Moab Poets & Writers is hosting a short story workshop on July 29 featuring critically acclaimed author and Castle Valley resident M. Dressler. The workshop will kick off the group’s short story contest, “Shorty’s Shorts,” a three-month-long competition intended to inspire the Moab community to write.
“The mission of Moab Poets & Writers is to foster fiction and nonfiction poetry and prose by promoting the literary arts as a resource for community involvement,” said the group’s president, Marcy Hafner. “You do not have to be a published writer to participate. We welcome anyone who has the spirit and desire to explore our world through language.”
“Shorty’s Shorts” will be the group’s third writing contest, according to Hafner.
“Our first two generated a lot of excitement and showed writers what they could do, which inspired them to keep on writing,” she said.
Moab Poets & Writers member Diana Adams said the Shorty’s Shorts contest has no theme, in an effort to simply encourage people “to write what they want to write.” Submission lengths can also vary, from no less than 500 words to no more than 3,000 words.
“Our main goal is to support and encourage writing in the Moab Valley,” Adams said. “The purpose of our contest is to encourage writing and celebrate writers’ work. We want people to write.”
The contest will run through Oct. 1 and an awards party will be held in November with the writers of the top three stories receiving cash prizes.
For those attending Dressler’s workshop on July 29, Adams promises a dynamic experience to help craft stories already in mind or not yet invented.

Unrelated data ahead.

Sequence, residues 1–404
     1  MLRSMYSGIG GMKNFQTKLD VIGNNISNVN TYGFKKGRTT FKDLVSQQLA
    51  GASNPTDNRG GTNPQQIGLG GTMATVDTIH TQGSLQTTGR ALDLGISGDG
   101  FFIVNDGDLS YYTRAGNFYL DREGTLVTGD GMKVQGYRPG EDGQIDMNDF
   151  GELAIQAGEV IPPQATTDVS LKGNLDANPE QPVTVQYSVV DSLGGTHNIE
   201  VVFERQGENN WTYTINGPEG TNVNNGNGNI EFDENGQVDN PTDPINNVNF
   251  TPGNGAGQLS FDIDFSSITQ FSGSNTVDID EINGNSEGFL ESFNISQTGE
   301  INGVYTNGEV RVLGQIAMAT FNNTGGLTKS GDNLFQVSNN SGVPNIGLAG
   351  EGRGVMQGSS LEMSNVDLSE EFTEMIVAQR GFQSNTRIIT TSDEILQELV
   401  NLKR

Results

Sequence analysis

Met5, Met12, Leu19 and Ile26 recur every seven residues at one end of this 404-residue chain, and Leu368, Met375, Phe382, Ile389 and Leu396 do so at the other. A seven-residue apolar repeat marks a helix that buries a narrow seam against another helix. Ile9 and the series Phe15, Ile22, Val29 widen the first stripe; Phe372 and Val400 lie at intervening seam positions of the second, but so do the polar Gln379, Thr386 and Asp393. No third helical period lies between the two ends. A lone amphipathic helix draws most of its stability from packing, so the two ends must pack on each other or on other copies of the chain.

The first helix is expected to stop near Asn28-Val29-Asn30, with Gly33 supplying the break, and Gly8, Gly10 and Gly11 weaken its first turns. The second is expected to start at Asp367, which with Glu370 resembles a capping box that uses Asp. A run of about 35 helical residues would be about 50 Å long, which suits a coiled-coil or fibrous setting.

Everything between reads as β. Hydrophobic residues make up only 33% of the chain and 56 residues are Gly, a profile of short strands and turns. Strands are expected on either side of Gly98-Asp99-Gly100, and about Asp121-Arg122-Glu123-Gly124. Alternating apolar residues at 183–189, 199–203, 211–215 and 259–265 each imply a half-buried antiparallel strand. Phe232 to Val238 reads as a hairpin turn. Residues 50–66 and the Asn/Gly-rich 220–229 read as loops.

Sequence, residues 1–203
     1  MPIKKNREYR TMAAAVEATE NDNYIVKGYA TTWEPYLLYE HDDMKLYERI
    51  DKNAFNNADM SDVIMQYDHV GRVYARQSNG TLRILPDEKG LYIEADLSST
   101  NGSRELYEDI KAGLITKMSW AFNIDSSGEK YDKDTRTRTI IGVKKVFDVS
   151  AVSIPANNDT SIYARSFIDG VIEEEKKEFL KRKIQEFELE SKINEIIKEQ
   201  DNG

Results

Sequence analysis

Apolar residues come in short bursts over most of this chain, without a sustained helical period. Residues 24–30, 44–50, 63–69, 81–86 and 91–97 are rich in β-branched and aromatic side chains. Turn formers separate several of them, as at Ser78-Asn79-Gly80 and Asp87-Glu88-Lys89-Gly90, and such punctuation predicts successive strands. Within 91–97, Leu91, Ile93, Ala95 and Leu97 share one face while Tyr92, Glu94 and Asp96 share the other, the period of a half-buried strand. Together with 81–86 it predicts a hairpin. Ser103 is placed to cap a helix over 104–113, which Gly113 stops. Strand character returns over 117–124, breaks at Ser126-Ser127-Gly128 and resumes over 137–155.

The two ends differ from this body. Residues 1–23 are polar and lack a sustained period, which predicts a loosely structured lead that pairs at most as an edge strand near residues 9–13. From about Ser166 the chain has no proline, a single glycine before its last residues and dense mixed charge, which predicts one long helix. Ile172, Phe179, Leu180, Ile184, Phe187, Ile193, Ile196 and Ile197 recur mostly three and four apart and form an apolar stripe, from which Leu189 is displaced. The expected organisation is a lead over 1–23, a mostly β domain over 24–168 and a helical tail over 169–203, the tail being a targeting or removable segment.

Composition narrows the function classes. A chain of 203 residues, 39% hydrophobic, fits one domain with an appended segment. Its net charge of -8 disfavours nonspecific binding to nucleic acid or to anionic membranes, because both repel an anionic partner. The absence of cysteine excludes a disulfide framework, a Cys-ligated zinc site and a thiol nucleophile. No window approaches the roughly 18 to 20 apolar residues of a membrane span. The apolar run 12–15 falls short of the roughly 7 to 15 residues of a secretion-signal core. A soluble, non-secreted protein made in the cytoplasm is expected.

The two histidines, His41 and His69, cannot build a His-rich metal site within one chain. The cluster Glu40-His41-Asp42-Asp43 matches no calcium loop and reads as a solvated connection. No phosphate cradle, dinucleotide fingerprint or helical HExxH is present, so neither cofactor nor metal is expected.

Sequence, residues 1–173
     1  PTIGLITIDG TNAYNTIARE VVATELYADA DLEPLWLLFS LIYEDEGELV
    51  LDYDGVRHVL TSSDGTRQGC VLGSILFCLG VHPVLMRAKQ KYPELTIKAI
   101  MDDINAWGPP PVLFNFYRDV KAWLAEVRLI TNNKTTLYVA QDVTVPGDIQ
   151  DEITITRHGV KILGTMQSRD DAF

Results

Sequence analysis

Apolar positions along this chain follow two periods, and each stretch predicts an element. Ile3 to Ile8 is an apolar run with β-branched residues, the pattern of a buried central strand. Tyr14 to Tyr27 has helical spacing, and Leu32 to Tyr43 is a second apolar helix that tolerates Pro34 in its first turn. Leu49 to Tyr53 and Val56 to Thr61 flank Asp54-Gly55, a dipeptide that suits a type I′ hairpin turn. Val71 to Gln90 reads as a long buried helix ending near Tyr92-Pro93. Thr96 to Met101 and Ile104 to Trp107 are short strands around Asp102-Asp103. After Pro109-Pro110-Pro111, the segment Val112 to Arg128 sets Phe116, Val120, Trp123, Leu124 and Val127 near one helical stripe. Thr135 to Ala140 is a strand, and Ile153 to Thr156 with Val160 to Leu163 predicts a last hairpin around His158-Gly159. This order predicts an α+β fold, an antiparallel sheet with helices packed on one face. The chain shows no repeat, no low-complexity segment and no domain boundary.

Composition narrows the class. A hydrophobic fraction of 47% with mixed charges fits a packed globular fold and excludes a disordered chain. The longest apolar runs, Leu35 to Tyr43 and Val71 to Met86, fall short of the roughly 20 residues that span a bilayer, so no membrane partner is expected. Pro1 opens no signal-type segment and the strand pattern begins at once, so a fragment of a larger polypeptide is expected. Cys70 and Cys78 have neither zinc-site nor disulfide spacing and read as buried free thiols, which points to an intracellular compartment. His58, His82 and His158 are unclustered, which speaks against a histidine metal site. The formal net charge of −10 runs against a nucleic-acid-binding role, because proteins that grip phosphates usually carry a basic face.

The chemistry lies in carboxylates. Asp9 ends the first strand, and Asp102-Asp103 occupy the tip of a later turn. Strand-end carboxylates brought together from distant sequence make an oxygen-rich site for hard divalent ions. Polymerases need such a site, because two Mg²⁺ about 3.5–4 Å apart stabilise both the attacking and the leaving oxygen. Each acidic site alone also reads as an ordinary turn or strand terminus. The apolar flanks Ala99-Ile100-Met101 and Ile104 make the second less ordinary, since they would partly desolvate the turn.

“M. Dressler is a joyful, focused presenter,” Adams said. “Her ability to teach writing concepts with laughter is amazing. Any attendee would leave the workshop smiling with new tools in their writing toolbox.”
Dressler — a critically acclaimed author of novels, short stories, and essays — has received several honors, including a Paisano Fellowship in Literature, the Carson McCullers Center Fellowship and a Fulbright Award.
Acknowledging that one of the greatest challenges of the short story is creating a “rich world” for characters to inhabit, Moab Poets & Writers representatives said Dressler’s workshop will focus on context building and developing fictional worlds “in short order.”
Dressler acknowledged that short story writing can be very challenging, as the format does not have the “wide spaces” of a novel to establish the world of the story.
“You don’t have the luxury of the wide spaces of a novel, chapter after chapter, to establish setting, place, mood, what the world of the story feels, looks, sounds, and tastes like,” Dressler said. “So you have to find ways — often through what we call the ‘telling’ image or the ‘significant’ or ‘resonant’ detail — that will very quickly pull the reader in and convince them they are inhabiting a fully realized universe.”
The Dressler workshop will run from 10 a.m. to noon on July 29 at the Moab Arts and Recreation Center, 111 East 100 North. The cost is $20 in advance or $25 at the door. Contact email@example.com for more information and to RSVP.
Dressler has some advice for those embarking on the Shorty’s Shorts contest, namely to remember the reader’s five senses when writing.
“There is no quicker or more powerful way to a reader’s heart and mind than through the five senses, yet often when we begin a story we concentrate on the sense of sight, which is good, but forget or omit the other senses,” Dressler said. “... The reader needs to believe it is a world, and not just words, they have entered into.”
The reader, according to Dressler, is of the utmost importance when crafting a compelling story.
“Stories aren’t static. Look at your story and ask yourself, ‘did I carry the reader to somewhere different than where the story began?’ Always, always remember the reader,” she said. “Our stories are not just for us. They are for the world.”
For more information and details about the Shorty’s Shorts contest and the M. Dressler workshop, visit the group’s new Facebook page, Moab Poets & Writers.